From Dirty Stories Vol. 3

gg: There was a lot of penis snipping in that story.

th: Yeah. That was something else though, I thought, if I'm going to do pornography, I should do something where there's a penis being snipped with scissors at the end of every page, because I thought that would be the opposite of what would be required somehow.

gg: Anti-pornography.

th: So I put Jimmy Carter in there, and Robin Williams, and other celebrities that I thought of. I copied the lettering from Jodelle and the general style of it.

gg: It's great that you can make these arcane connections like this.

th: I think if people knew that, then they read the story, it would make total sense, but if they didn't know that, maybe they would just go, "What in the world is going on?" which is also fine. If you look at the last panel too, she's got The Monkees in her rowboat, and it's George Washington crossing the Delaware.

gg: I often have that reaction to your work, that there's some kind of internal logic to them, part of which is escaping me.

th: Probably me, too. [Laughter.] That's why I do them, to examine that and try to figure out what it is.

gg: Part of that, of course, has to be subconscious. Stuff you're not even aware of.

th: Some of it. If you do enough writing, it seems like the words come to you and, like I say, if you're not the kind of person who's just inspired, if the words come to you, it's a workman thing, you just go with the law of percentages on what you get on a particular day. You know that you'll get something, but all you basically do is move it in one direction or another, and sometimes you're moving it, and sometimes you're just following it, you know? At least that's how it feels for me usually.

gg: How much of your writing is calculated to the extent that you know exactly what you're aiming for, and how much of it just comes — ?

th: Well, it's not like technical writing, it's not like instructions about how to operate an F-15 or something like that.

gg: But a lot of writing is like that. [Laughs.] A lot of so-called "creative" writing.

th: None of the writing that I do, none of it's off-the-cuff, I do tend to go over it a lot, and maybe that could be a drawback of it to a certain degree. It could have the drawback of being too clever, some of that is also a defense mechanism of having a learning disabled sister and not feeling smart. But some of it is — I don't know how to describe it, it's the same thing with the pictures. You just read it, and the things that are wrong just jump out at you. You just keep working on it until you figure out what seems correct.

gg: Tell me a little about your working method: how do you sit down and plan a strip? Do you write the entire thing first?

th: Yeah, I write the entire thing first. It goes back to my method when I was songwriting. I make it like an assignment. It's not like something where I wait for inspiration to arrive, I just sit there and methodically try to put it together. Once it's all written, I put it into thumbnails, and then I letter the whole thing, and then I jump around, usually, in different parts of it. Now, with Gropius, I wrote out the entire story, 53 pages, so it's already written, and I've also lettered the whole thing, and I'm just taking the pages down as I work on it, just filling in the boxes.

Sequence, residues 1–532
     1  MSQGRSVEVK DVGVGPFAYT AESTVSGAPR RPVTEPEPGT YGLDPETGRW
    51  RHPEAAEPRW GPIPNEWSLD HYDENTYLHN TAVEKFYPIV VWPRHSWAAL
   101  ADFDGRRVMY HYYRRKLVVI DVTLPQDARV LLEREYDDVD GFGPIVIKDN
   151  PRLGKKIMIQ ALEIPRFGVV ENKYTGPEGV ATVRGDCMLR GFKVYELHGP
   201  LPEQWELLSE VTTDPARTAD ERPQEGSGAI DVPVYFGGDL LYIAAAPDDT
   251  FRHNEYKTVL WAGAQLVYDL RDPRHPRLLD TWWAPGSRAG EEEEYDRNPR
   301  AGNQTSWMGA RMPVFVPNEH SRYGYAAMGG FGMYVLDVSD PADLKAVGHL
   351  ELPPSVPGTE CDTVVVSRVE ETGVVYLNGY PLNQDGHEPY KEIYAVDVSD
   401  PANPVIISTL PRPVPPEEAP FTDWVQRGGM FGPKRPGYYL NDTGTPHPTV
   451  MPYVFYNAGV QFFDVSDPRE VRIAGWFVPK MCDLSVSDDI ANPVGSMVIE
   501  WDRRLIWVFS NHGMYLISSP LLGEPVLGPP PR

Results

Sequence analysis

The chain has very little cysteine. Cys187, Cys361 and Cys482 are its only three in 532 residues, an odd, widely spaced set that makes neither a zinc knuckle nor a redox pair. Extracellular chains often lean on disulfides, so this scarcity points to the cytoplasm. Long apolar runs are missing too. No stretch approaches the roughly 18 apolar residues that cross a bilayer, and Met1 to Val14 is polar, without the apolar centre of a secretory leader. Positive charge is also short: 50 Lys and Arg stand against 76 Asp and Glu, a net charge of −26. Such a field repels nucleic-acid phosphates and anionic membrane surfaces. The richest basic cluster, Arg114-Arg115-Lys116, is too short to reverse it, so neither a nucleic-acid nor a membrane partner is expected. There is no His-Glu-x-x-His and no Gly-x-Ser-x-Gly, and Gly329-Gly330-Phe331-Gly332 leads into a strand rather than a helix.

Illustration by Tim Hensley
From sketchbook

gg: When you work on the composition of each panel, do you work directly on the board? Or do you play with it on overlays, or — ?

th: Oh no, not at all. I have a real simple thumbnail of what it is I'm working on, and usually I try to... Sometimes I draw the figures in first or sometimes I plot the perspective and put the figures in after. A lot of times, there always seems like things I need to refer to, like do a Google image search of a dumpster, I had to do that the other day. Or something to root it in reality, I guess.

gg: You changed from art to being an English major in college, so I assume you're something of a reader. Who are your favorite writers?

th: Whoo, boy.

gg: Or who are the writers you feel most of an affinity for in terms of style and language?

th: Gee, I don't know. That sort of puts me on the spot, I don't know. [Groth laughs.] My favorite books, or something like that? In college, Dickinson and Poe were favorites, but nowadays I find myself reading naturalists like Theodore Dreiser, who's also from Indiana.

gg: Your own writing is as far away from Theodore Dreiser as one can imagine.

th: Well, I mean, to be honest, I think when you're asking about the language stuff, I think it's that my sister has a learning disability — she could also be described as borderline mentally retarded, although that's not the terminology in favor — and takes medication to stop her from hearing voices. She'll say words like "o-beast" instead of "obese" and doesn't know what World War II is. I maybe could have gone the route of becoming an autobiographical cartoonist and become a spokesperson/advocate type, but I prefer to use my affinity to simply drop people into a parallel kind of confusion that is second nature to me by now. And when you're asking about my experiences in school, I had a problem that I didn't realize at that time. My attitude towards learning, how words are put together, things that are considered irrational, was different.